Embedded System Testing
System testing is a process to compare the system to its original objectives, e.g. the requirements set by the customer. The test cases are not developed on the grounds of detailed software specifications, but on the grounds of user documentation.
It is advisable that system testing is performed by an independent testing team to ensure unbiased testing, since psychological ties of the development team can subconsciously stand in the way of rigorous system testing. After all the goal of system testing is to try and make it fail not just to make it pass.
One special characteristic in embedded software development is that the actual environment, in which the software is run, is usually developed in parallel with the software. This causes problems with testing because comprehensive testing cannot be performed due to the lack of the hardware environment which is only available in the latter part of the project lifecycle. This is resolved by a hardware testing platform on which the tests can be carried out in a simulated environment before the actual Hardware environment is available.
Mixed Signal Systems
Mixed signal systems are systems that contain, in addition to binary signals, analogue signals. Inputs and outputs do not have exact values but have certain tolerances that define flexible boundaries for accepted test output. The boundaries often contain some subjectivity where the tester is required to make a decision as to whether the test output is accepted or rejected.
A control system interacts with the environment according to continuous feedback system. The system output affects the environment and the effects are returned to the system which affects the control accordingly. Therefore the behaviour of the system cannot be described independently, since the system is tightly interlinked with events in the environment.
The size of the software development team and lack of independent software testing team means that it is unavoidable that the software testing responsibility will be on the developers
Software testing of low level embedded systems is a surprisingly young art of engineering and it is still in a rather immature state. There are certain difficulties in testing embedded software that makes it a little more challenging than conventional software testing. The most critical problem is the tight dependency on the hardware environment that is developed concurrently with the software and that is often required to perform reliable software testing.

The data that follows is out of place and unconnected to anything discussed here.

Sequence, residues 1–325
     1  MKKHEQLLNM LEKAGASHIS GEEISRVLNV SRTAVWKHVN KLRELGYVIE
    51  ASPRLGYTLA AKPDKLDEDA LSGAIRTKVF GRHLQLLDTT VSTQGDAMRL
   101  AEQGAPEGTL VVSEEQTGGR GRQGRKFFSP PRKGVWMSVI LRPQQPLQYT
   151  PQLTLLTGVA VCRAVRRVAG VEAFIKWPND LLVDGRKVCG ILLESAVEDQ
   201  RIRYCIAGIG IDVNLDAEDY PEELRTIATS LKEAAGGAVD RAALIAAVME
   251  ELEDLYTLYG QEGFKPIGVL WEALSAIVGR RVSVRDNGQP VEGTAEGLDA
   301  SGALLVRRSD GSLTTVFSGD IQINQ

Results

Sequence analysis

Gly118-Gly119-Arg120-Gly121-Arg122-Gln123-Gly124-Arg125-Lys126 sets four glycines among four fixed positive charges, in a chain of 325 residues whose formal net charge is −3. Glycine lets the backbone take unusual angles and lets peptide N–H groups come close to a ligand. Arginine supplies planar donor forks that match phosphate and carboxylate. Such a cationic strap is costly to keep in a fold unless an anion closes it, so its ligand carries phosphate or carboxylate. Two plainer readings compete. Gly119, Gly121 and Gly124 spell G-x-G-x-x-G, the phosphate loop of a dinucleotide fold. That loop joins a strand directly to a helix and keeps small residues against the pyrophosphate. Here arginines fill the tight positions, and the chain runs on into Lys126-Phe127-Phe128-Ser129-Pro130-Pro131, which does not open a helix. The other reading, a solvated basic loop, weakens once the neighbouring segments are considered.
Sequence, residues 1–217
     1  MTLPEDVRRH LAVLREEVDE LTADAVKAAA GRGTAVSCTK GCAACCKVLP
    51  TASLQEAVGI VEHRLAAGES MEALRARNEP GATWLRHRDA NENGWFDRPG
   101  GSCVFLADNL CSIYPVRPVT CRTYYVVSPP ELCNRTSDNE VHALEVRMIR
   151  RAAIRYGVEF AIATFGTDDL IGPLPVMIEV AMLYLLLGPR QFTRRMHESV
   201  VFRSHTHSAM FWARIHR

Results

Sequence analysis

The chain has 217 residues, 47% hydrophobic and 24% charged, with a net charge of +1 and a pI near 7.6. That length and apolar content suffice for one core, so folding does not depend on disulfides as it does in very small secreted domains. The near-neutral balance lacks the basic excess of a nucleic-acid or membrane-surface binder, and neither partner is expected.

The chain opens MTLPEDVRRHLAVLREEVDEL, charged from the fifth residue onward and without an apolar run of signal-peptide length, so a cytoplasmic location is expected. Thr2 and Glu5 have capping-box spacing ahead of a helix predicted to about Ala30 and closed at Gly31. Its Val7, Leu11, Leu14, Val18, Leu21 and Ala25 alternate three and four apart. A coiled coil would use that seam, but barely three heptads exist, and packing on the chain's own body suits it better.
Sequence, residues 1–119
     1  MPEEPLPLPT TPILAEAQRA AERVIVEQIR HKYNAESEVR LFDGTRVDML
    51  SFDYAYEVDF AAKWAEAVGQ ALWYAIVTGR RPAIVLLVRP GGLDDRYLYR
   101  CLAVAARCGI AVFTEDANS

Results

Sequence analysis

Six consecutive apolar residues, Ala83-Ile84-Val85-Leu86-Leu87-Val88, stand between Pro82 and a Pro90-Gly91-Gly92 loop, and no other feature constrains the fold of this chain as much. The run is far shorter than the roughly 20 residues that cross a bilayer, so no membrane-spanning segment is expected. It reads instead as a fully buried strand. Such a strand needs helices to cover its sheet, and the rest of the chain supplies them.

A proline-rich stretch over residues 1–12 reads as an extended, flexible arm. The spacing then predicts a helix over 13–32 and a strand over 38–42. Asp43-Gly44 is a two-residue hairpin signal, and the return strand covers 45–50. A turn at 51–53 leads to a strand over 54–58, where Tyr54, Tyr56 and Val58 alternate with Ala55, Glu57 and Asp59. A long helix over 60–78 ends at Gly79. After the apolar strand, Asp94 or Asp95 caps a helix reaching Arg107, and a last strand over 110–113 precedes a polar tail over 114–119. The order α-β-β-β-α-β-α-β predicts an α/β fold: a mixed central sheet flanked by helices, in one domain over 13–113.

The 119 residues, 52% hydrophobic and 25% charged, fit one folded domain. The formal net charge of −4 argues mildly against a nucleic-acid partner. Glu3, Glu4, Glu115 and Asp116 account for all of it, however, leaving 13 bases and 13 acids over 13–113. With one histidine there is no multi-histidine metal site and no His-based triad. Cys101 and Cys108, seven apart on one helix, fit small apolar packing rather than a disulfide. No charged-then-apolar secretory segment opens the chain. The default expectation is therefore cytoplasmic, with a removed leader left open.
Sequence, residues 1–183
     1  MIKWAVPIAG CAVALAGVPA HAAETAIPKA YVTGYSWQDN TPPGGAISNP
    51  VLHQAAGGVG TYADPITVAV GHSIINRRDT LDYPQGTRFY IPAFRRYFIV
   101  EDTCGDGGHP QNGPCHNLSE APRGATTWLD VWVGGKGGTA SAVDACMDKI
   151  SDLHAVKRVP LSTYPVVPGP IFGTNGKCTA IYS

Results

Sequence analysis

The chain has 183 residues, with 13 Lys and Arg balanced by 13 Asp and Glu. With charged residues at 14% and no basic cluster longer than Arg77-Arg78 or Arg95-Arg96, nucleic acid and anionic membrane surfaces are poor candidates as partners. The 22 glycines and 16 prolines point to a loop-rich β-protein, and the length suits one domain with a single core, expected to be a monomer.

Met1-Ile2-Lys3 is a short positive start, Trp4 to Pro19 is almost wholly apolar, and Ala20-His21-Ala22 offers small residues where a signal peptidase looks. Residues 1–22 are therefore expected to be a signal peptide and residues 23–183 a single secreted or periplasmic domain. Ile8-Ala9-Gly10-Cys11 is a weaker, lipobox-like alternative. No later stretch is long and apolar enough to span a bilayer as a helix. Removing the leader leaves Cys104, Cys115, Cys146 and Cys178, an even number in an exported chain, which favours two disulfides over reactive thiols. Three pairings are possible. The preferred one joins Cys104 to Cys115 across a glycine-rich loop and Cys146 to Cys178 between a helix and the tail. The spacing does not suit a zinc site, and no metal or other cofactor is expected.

The next least cost way to observe an issue is during integration testing. This is the first opportunity to catch issues that go beyond mere coding errors, such as inaccuracies and omissions in the specification or architectural requirements. N:B: Never omit from the process integration testing!
Only after basic unit testing and integration testing, the system should be tested on a test stand. At this point, the embedded software will be at a much higher quality level than it otherwise may have been. Make no mistake – issues will still be encountered, but much fewer. The risk of costly re-designs that break schedule and budget is much lower.
Inadequate software testing methods increase risk of software issues passing through the tests and eventually manifesting themselves in the series manufacturing or, in the worst case, the end user customer finds the issues which may be safety critical.
The goal in a testing platform design is that it can be used immediately from the initial low-level unit testing through to testing the final complete code. In any project it is important to start the Software testing in the first Software prototype in an emulated hardware environment. This approach moves the emphasis of discovering issues and resolving them at a very early stage of the lifecycle of the product, thus improving the overall quality of the product and issue resolution lead-time.
Here are few basic principles in software testing that greatly affect the outcome and the efficiency of the testing process. The most important principles are:-
- A test case must contain a definition of the expected output and results.
- Each test result shall be thoroughly reviewed and analysed.
- Test cases must be written for invalid and unexpected input conditions, as well as for input conditions that are valid and expected. This ensures that no false negatives and false positives are present
- Review a program to see if it does not do what it should do and if it does what it should not do.
- Test cases should be stored and be repeatable.
- Plan a testing effort in assumption that issues will be found.
- The probability of existence of issues is proportional to the number of issues already found.
The above principles are intuitive guidelines for test planning and help to get an understanding on the parameters of the testing process and its Objectives